Confessions of an Ageing Tennis Player: 2nd set, how to win at Wimbledon (11th game)

The signs, signifiers and signatures of tennis semiotics (8-3)

The tension’s mounting as we head towards the last few days of the epic tournament that is the Wimbledon Championships of the All England Club.

The signs of my potential progress through the next rounds are encouraging and I feel I am finally being treated with the respect that is due a wild card who has achieved more than anyone’s wildest imaginings could have foreseen.

The groundsmen tug their collective forelocks as I pass them by. The guys in the locker room go silent when I enter (a sure sign of respectful awe). And even my one-time adversaries, Gerd Fistingburger and Alois, have taken to stepping aside when I approach them, their heads bowed, eyes averted (both gestures, significant signifiers of shame).

I sense a victory of massive proportions on the horizon.

Even Mrs Lady Chairman, to my great surprise, phoned late last night ostensibly to ask how the courts were behaving themselves, although I knew this meant that she was dying to ingratiate herself with me.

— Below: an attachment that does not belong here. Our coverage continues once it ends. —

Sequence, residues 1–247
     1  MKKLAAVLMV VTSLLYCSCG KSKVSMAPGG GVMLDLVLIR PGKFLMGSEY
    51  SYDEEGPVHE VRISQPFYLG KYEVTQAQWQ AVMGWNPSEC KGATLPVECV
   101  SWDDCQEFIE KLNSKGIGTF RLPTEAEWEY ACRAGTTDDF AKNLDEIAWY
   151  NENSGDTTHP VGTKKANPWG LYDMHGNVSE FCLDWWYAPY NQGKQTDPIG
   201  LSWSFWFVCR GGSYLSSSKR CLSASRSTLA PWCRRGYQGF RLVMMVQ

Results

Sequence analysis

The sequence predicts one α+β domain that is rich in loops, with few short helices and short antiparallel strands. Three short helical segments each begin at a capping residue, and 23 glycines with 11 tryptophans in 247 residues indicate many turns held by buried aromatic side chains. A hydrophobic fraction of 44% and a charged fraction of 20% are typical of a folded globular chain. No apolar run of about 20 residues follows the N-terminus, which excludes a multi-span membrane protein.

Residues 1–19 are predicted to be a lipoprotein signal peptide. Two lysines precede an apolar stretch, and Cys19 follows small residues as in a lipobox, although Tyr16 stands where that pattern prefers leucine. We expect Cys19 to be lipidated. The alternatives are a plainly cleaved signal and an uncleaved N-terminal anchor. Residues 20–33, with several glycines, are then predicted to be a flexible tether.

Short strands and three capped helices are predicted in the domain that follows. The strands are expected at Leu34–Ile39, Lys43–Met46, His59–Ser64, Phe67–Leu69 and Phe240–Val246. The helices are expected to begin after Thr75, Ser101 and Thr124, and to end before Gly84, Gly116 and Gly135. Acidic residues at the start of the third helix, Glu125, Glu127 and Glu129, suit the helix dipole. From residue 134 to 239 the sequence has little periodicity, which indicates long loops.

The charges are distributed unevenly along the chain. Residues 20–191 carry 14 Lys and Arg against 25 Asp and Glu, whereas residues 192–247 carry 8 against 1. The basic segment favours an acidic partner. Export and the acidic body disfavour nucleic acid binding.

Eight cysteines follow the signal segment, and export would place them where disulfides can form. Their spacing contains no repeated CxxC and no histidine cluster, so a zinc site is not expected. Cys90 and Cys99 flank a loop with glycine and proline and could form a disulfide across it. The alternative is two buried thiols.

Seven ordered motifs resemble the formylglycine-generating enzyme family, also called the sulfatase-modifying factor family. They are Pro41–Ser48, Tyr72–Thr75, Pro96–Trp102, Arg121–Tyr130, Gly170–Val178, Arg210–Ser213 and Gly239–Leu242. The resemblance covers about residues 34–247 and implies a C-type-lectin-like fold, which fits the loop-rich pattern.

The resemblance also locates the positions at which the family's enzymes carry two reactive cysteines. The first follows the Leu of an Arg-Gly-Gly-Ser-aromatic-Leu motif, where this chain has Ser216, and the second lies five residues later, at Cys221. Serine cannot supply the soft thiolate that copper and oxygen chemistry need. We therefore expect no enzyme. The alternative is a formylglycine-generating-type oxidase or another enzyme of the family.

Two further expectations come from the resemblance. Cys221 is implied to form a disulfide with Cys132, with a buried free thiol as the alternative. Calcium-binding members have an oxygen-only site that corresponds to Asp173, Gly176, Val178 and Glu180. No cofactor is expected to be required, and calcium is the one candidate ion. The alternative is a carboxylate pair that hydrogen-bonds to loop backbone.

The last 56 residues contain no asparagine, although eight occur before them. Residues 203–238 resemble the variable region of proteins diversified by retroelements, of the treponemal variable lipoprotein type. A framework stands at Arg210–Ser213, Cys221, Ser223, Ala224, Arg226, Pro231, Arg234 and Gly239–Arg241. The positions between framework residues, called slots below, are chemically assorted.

I was able to point her, without the slightest hint of sarcasm, to the list of casualties those accursed surfaces have been responsible for over the first week of the competition. She didn’t listen, as per, and even had the effrontery to ask if I could get Andy (M) to sign her grandson’s tennis shorts for her. I assured her that my signature would cost a lot less. But she was having none of that either, made some rude remark about my attitude (again) and swanned off the phone (again) no doubt to start constructing a well-executed complaint (again).

So, whilst there are many pointers to my impending resurrection in my local club, there is still a job to be done at the top of the political pile. My mission will not be complete until I have the trophy in hand, the cheque in the bank and Mrs Lady Chairman waving the white flag of surrender.

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